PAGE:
Lost at Sea and Promised Land

In the stress of the earthquake in Japan and the following tsunamis I completely forgot about my column, which was only half done when the earthquake struck. It's a day late and I apologize. If you read this before Sunday morning and wish to assist in disaster recovery you might want to read Maureen Johnson's post and donate to ShelterBox. She's running a contest and has many prizes to give to those who give, including ARCs of not yet released, highly anticipated novels. http://www.maureenjohnsonbooks.com/2011/03/11/shelterbox-in-japan/

Lost at Sea

Lost at Sea is by Bryan Lee O'Malley, author of the Scott Pilgrim comics. It's also a graphic novel, with the same style of art as Scott Pilgrim; deceptively simple, while still being evocative and charming. Like Scott Pilgrim this story is about young people, college students in this case. Raleigh is the girl who is lost at sea, adrift in confusion and grief. She's on a road trip with some other students from her prestigious school but she doesn't feel she fits in with them. She further isolates herself by listening to music on her mp3 player, effectively making a wall between her and the other students.

Raleigh is haunted by loss and cats. She had a best friend but doesn't anymore and seems to have lost the knack of making new friends. She feels uncomfortable no matter her social setting and has a litany of negative thoughts running through her mind. She sees cats everywhere she goes and they swarm through her dreams. She's also pretty sure she no longer has a soul.

Lost at Sea is the title of the book but it also describes how I felt after I read it. I wasn't sure if the confusing parts were metaphor or if I missed something. There's something about a letter being extremely important, and unread, that puzzled me. And the part about the cats and the soul seemed to just peter out. So I was confused. But, I loved this book. It perfectly nails what it's like to be young, alienated and on the outside looking in.

Promised Land
I've been suffering through a terrible bout of insomnia, the kind where you don't fall asleep until four am and then you wake and can't get back to sleep. The only advantage is that I have more time to read. (I give myself a time limit of trying to get back to sleep, then do something else until either it's time for work or I finally sleep.) Promised Land by Connie Willis and Cynthia Felice was the perfect book to help pass the time. No monsters or slashers or anything else that would make me too nervous to sleep. It's a sweet love story that takes place on a planet with very little in the way of luxury.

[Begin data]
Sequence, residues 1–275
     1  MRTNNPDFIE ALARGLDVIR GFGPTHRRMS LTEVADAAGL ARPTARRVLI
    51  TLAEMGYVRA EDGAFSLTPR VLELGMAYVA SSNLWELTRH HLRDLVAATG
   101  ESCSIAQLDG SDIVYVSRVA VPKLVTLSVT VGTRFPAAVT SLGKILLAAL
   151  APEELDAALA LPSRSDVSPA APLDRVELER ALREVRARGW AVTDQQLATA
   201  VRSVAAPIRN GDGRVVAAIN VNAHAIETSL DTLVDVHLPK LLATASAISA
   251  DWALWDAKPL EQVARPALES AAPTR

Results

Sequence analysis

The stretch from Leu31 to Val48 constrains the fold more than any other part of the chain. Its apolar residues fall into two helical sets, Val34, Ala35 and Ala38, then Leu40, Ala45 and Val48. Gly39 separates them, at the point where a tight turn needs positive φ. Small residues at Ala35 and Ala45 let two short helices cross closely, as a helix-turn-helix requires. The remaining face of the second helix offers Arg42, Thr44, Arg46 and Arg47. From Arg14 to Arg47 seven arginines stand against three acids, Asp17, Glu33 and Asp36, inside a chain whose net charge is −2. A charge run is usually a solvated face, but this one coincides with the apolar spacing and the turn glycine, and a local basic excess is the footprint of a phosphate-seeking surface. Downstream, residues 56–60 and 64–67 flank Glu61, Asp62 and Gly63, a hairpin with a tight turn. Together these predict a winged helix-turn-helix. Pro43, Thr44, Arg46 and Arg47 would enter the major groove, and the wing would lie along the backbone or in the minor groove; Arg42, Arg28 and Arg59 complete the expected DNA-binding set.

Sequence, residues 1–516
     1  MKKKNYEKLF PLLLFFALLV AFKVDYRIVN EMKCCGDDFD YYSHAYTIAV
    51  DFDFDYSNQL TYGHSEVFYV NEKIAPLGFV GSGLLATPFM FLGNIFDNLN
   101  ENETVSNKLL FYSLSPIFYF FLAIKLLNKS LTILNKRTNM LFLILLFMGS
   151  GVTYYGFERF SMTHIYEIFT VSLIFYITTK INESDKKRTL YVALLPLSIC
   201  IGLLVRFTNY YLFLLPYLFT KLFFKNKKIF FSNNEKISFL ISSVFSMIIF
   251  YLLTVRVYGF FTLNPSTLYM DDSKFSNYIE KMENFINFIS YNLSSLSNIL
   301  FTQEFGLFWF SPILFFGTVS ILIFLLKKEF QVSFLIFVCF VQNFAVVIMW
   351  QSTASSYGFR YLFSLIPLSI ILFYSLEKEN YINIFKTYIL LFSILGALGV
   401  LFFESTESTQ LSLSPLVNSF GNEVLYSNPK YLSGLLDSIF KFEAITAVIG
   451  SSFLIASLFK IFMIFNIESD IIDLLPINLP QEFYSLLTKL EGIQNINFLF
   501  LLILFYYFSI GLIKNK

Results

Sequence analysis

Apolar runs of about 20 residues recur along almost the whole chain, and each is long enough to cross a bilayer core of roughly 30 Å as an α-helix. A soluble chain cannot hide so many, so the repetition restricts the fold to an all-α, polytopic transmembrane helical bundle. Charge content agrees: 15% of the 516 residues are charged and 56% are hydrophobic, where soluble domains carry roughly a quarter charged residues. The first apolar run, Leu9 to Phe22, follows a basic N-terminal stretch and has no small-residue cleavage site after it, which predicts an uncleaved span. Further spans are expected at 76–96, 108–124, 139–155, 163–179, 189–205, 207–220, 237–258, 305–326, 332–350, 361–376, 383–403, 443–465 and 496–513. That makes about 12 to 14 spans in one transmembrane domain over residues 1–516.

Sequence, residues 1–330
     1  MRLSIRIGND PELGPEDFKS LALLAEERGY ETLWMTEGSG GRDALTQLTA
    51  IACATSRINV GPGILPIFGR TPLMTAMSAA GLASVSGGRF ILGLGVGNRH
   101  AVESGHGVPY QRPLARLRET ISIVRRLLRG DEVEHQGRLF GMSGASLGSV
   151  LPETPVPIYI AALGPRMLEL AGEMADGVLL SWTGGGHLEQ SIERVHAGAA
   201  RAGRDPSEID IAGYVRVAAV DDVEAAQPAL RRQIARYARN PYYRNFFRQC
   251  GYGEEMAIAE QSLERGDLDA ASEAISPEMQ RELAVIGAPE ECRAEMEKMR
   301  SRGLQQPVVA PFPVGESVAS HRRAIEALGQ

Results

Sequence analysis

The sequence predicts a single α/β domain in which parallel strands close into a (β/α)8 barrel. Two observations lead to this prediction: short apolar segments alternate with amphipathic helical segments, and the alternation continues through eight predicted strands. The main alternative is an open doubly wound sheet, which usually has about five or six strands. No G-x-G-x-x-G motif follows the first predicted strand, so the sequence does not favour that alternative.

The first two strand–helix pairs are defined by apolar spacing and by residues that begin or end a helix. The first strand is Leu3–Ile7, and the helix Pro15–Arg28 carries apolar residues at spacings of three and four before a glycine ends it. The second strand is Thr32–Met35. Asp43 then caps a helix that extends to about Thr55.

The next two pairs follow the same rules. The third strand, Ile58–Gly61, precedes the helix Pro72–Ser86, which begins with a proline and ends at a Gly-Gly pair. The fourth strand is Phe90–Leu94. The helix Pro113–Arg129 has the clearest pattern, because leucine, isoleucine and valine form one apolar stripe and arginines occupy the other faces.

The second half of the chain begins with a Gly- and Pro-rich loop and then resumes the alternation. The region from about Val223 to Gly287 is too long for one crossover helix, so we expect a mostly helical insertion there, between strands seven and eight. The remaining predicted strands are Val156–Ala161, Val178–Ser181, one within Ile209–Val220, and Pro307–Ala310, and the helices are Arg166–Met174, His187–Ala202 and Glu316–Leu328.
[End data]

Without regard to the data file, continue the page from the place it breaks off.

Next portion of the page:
As the story begins Delanna is returning to her home planet of Keramos, a place she despises, to settle her mother's estate. She plans to stay for less than a day then go back to her pampered life. She is equipped with a return ticket, just enough money to see the attorney, a change of clothes and her exotic pet Cleo. A vet promptly confiscates Cleo and plans to destroy her to keep her from spreading disease to the native fauna. Delanna can't stop him but a handsome and extremely flirtatious stranger helps her get a thirty day reprieve, giving her time to take her pet back off world.

She's appalled when she meets Sonny Tanner, the son of the joint owner of her mother's estate. He's an oaf, dragging around a wagon full of geese and speaking in monosyllables. You can imagine how horrified Delanna is when she is told she has to stay on the planet, on her remote farm, for a year or lose everything. And in the best romantic tradition she and the doltish Sonny are forced into marriage. She can leave the planet with only a tiny bit of money to sustain her or she can tough it out.

This story has the traditional romance tropes like a love triangle, the city slicker stuck in the frontier, a pampered and selfish heroine, who goes through some character growth and of course true love. But it also has a well drawn world with fascinating flora and fauna. I particularly liked the way we see how the animals interact with the plant life. I'm a sucker for stories set on frontier planets so this book was a natural for me.

Bonus Treat:
Ryan Pequin writes a deceptively simple comic called three word phrase, which is quite funny. He can also write bittersweet poignant works like this nineteen page comic called The Walk. http://www.topshelfcomix.com/ts2.0/the_walk/1 If you really love this story you can buy it here: http://www.threewordphrase.com/buythewalk.htm.